Having animals on it, the grass gets grazed. We maintain that field there, the field boundaries, and they don’t regress to just being soft rush. That’s what gives the varied habitat which allows for the animals a better chance for survival, an environment for them.
We are lucky in Toscaig because the areas which are just flat grass are not huge areas. From that point of view, there are trees, there’s rough ground, everything else. There’s a wide variety of environments around us. There’s plenty of places for ground-nesting birds. There’s plenty of places for tree-nesting birds. We have areas for small mammals: voles, mice, all those. They gain in the fact that they come in and they use the buildings that we have, that we are using for our animals for winter shelter as well. And they get the benefit of spilled feed and things like that for the winter, plus also their own stuff that they have been putting away. (Additionally) there are predators of the types of badgers and pine martens and foxes about. So, they get to prey on the smaller animals.
So, yeah, I think the fact that we’ve got animals helps the environment that’s here.
Prawn fishermen: selective of what they take
In Motion Magazine: Would you say there are fisherperson crofters?
Duncan Fraser: Yes.
In Motion Magazine: What do they do?
Duncan Fraser: Mainly shell fish. The days of the herring fisher have long gone. They went with the big trawlers coming in, big modern trawlers. Kath’s father used to be a herring fisherman when it was still ring-netters.
Nowadays, just off the coast here, we’ve got a military range which has in some ways been a benefit because there has been a navy out, which has ... no-one’s been allowed to fish in it, so none of the dredgers are coming in to pick up prawns -- which are all coming in from outside, prawns or scallops ... . None of the prawn fishermen have been able to go into it. It’s a breeding place which colonizes everywhere else.
The prawn fishermen around here, they only take them if they are mature prawns. They only take mature crabs that have reached a ripe size. Everything else goes back in back in alive so it can grow. Anything that’s carrying eggs goes back in alive so they can breed. They are selective of what they take.
But, there is part of the year when the dredgers can come in and they just take everything that’s on the seabed. And, if it’s not what they want, it gets thrown back in. But my that time it’s dead. There’s active pressure to try and stop that. In Loch Torridon they’ve managed to do that. Admittedly, they did do that by going and dumping old cars in the best of the dredging spots. A dredger stops dredging quite quickly when it starts losing its nets every time.
But the problem now is the military range has just gone (and announced), “We’re expanding and we are taking that much.” The area that they are allowed to fish in has been reduced substantially and it is already that busy out there with folk fishing with creels (editor: baskets).
Fiona Mackenzie: A quite good thing that is a new thing is that both the places that you can eat here try and buy as much as they can locally so, some of the fisherman provide food to the eateries here. And meat -- you know crofters sell meat as well.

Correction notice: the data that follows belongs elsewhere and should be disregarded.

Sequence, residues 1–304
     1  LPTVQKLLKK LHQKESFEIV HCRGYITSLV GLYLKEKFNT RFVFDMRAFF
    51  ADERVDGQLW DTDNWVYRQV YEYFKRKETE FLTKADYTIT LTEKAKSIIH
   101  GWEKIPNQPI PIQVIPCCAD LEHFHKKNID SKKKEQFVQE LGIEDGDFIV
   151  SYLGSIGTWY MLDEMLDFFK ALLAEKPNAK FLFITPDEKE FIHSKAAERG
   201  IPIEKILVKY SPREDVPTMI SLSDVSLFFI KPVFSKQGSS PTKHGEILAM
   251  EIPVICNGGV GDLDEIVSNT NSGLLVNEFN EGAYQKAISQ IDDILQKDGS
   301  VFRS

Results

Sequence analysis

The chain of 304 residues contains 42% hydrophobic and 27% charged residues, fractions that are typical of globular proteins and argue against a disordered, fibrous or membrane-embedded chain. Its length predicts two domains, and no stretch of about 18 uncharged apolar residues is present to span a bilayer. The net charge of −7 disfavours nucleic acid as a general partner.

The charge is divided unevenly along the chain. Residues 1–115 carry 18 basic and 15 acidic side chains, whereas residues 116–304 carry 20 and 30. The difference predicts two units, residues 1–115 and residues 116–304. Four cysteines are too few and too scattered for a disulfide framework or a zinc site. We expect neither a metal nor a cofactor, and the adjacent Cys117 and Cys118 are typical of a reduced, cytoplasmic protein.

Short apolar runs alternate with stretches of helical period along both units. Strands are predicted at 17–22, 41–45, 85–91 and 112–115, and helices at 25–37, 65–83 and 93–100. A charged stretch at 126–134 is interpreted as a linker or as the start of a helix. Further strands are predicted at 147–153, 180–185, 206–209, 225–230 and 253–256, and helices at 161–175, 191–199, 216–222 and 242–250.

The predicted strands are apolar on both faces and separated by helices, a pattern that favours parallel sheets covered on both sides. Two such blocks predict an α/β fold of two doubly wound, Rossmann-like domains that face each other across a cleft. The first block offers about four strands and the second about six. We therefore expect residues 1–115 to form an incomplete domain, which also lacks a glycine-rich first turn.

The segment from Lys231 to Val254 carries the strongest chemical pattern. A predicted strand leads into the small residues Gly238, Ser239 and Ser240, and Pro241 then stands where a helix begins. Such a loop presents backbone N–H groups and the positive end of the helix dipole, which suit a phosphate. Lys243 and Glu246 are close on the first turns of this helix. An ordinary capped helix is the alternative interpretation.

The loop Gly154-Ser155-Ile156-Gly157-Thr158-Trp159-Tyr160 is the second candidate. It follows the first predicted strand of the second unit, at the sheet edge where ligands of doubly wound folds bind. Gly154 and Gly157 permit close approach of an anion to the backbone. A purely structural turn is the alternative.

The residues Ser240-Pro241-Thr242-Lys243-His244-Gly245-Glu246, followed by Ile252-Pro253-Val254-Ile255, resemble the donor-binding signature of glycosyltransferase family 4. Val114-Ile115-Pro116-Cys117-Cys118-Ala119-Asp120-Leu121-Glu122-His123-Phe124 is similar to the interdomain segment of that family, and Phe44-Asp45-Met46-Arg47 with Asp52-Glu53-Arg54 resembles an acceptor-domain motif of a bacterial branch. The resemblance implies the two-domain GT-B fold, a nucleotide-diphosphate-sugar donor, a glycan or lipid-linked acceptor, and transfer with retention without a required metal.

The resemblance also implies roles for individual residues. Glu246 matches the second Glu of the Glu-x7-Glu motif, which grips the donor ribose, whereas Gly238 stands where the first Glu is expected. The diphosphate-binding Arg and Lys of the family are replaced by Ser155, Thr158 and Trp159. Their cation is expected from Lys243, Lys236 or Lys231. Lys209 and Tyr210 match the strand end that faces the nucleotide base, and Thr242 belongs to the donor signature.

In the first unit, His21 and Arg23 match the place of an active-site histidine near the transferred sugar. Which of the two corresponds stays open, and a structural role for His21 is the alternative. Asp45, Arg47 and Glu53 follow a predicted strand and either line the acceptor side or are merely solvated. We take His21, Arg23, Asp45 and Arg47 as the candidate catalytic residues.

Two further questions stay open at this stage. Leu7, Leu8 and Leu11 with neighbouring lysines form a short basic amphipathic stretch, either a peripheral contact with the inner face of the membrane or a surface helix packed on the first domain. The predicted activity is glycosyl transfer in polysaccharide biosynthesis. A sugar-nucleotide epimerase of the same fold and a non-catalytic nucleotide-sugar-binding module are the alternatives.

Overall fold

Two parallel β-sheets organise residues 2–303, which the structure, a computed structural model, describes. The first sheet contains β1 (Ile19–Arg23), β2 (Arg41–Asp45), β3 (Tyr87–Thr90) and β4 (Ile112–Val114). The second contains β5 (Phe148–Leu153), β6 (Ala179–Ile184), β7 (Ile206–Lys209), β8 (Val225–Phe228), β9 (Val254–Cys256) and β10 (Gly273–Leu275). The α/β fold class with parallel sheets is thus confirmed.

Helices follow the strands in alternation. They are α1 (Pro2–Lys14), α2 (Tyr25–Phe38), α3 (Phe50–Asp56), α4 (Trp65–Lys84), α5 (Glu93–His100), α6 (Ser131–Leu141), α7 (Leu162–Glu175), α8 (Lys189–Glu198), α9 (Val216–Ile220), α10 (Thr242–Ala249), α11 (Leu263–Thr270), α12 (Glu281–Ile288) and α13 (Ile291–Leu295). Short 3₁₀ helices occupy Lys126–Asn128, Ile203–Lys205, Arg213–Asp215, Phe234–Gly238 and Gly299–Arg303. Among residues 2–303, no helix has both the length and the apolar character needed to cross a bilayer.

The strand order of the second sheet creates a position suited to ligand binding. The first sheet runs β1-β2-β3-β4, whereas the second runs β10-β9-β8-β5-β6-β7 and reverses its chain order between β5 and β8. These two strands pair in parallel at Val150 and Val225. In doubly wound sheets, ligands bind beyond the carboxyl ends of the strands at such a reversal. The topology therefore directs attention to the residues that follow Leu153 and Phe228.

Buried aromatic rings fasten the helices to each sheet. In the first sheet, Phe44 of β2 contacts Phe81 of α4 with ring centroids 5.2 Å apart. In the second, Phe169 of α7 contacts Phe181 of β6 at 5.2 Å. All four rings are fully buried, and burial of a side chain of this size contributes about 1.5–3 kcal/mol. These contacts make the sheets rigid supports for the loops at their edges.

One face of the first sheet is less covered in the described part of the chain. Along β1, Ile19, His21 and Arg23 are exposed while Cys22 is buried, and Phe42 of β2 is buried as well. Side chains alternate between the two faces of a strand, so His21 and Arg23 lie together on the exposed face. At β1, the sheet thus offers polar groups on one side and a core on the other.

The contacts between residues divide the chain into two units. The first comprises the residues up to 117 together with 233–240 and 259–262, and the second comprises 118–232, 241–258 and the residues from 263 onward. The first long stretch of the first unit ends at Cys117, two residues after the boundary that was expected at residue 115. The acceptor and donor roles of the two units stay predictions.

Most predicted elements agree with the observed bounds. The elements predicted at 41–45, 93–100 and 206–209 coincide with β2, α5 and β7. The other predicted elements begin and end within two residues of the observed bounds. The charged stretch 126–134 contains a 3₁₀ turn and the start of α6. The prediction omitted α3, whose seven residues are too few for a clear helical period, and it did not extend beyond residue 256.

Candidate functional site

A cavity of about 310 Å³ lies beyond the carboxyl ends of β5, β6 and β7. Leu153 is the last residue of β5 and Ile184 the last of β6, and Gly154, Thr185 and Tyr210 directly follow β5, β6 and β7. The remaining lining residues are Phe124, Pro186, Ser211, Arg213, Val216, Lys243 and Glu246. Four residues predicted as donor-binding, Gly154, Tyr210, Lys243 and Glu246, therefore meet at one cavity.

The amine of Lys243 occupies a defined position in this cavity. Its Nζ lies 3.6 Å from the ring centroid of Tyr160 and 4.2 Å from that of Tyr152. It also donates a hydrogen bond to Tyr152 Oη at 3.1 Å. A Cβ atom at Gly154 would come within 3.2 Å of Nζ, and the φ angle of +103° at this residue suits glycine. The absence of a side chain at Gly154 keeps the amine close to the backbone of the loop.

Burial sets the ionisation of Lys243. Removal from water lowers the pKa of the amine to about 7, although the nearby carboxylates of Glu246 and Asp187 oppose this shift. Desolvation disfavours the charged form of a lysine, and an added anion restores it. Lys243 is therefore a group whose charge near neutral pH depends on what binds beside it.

In Motion Magazine: Is that part of the national movement of nutrition?
Fiona Mackenzie: I think it’s just pragmatic. Local people saying, “What’s the point in sending it away and buying it in from Taiwan, frozen, when we’ve got them here.” There’s a mixture because some of the fisherman take much of their stuff away. It gets picked up from a central point and goes away to wherever it goes away to. But some of them do the local.
Duncan Fraser: Certainly, for the pub and the Walled Garden, it’s good advertising. It’s a good selling point, and that means the quality of stuff they are getting they are sure of because it’s just come out the sea that day.
Published in In Motion Magazine February 17, 2018.
- Interview with Iain MacKinnon
The Cultural Norms of Crofting:
The Recovery of the Story and Voices of the Economy, the Understanding, and the Life of a People
- Interview with Fiona Mandeville of the Scottish Crofting Federation
A Hegemony of Helping and Looking Out for People
Kyle of Lochalsh, Ross and Cromarty, Scotland
- Interview with Finlay Matheson
Crofting: The Concept That There Should Be Lights in the Glen Again
Strathcarron, Ross and Cromarty, Scotland
- Web site of the Scottish Crofting Federation
- Interview of Adam Payne of the Landworkers’ Alliance
Change in Rural Culture, Small Farms, and Hedgerows
West Dorset, England
- Interview with Joanna Bojczewska
How Our Food System Is Going To Develop:
The Question of Community and Cooperation in the Countryside
- An Interview with Kate Fletcher
The Lives of the Users of Clothes
"What the future looks like"
- Interview with Gregory Cajete
Science From A Native Perspective:
How Do We Educate for A Sustainable Future
Albuquerque and the Turquoise Trail, New Mexico
- Interview with tibusungu 'e vayayana
Political Deputy Minister of the Council of Indigenous Peoples
Reconstitute Different Tribes, Different Peoples in Taiwan
- Interview with Jadwiga Lopata and Sir Julian Rose
Of the International Coalition to Protect the Polish Countryside
The Small and Middle Family Farm:
A Base for Poland to be Independent, and a Base for Good Quality Food
- Interview with Yanet Alarcón, Mauricio Parada, and Pedro Huayquillan
Defending the Ancient Trails / the Culture
Chos Malal, Neuquén Province, Argentina